Politics in Congo, the formation of political parties, King Leopold’s atrocities and the influence of Rumba are all covered in the book. Reading about natives who were killed as directed by King Leopold in the harvest of red rubber in the era of CFS regime was one of the moments I almost broke down. Natives’ hands were chopped and others left with permanent wounds and under the CFS regime. Just how cruel could one man be? The worst thing was that even as he committed all these crimes, King Leopold received backing from his country, and even had support from his followers.
The author covered a number of themes in the book. Politics, music, law, human rights violation, business, and trade were all covered. This book highlights the use and impact of Congo music in Africa and other continents like America and Europe. Thierry Antha extensively writes about the brand associated with Congo Rumba and Rumba Lingala, Congo music that is known by just a few, how the Flemish administrators took Rumba, the industrialization of Congo music during the colonial days and much more.
Thierry Antha extensively writes about the brand associated with Congo Rumba and Rumba Lingala, Congo music that is known by just a few, how the Flemish administrators protected Congo music’s exceptionalism, while Walloons industrialized it with the addition of the legal diversity of South American music for export in the late 1950s and much more. And mostly how Fonior, the Belgian company, misused its monopoly to commit fraud and defraud Congolese musicians’ copyrights and consumers’ human rights in America, first, after the colony’s independence.
Rumba music, as allegedly sold in the West, is beautiful to the Soul. When played in clubs, the radio, and other public media, one can feel how passionately the artists feel the music they create. As you enjoy “Rumba” music, do you know a little history about Fonior’s fake-outs and how the genres were born? Do you know the challenges they faced and how the music they made affected them and the people around? If not, then you need to read this book. It has all the good, bad, fantastic and ugly stories about Belgian Congo, the natives, Congolese musicians and the exploitation of Congo music.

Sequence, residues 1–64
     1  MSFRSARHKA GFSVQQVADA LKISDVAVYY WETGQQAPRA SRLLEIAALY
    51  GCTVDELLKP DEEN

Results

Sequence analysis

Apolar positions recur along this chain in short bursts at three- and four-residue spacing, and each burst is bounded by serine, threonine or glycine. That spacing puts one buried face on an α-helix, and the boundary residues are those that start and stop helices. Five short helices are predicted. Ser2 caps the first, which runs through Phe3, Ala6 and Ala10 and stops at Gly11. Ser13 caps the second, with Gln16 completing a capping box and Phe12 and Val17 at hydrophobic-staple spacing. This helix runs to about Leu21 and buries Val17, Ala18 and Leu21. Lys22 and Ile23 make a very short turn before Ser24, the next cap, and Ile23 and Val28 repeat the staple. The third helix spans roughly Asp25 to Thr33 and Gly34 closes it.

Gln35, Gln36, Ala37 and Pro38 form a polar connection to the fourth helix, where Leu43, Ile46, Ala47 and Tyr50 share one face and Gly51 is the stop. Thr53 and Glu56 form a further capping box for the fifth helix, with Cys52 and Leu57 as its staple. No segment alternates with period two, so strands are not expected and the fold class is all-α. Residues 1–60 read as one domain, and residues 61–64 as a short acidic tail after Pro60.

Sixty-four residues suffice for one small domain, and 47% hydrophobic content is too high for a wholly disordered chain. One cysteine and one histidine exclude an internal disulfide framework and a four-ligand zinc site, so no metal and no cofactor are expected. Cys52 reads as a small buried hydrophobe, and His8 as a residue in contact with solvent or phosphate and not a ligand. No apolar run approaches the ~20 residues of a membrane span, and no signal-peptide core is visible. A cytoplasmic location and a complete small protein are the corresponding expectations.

Pages: 598 | ASIN: B07CH9M9BR
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A world of spies, invention, battles for power, and secret societies. A brilliant scientist, Christophe Creangle, is plagued by his inner struggle to not make any inventions that can be turned into weapons, unfortunately he is one of the greatest inventors of all time. Inventors are known as Conventioneer’s in this world and they are governed closely by whatever ruling body they happen to reside in. All inventions are turned over to the ruler in order to help protect and build their power base. After escaping from the king and his men, Christophe searches for his daughter. His daughter Christina inherited his sharp mind but after years of separation their relationship is strained. A young girl named Mounira acts as the go between for them and together the three of them reside in the Moufan compound. The Moufan however, is going through a power struggle and change; what use to be a neutral community is becoming a dominate power through force.
Adam Dreece has continued his saga of his created world, the Mondus Fumus, with a new series called The King’s Horse. While there is some character and history tie back to his original series, The Yellow Hoods, this novel stands alone and is ready to introduce readers to the world he has invented. Adam Dreece describes his world as a combination of steam punk and fairy tale. This novel sets up the series providing background to how key players got to be where they are.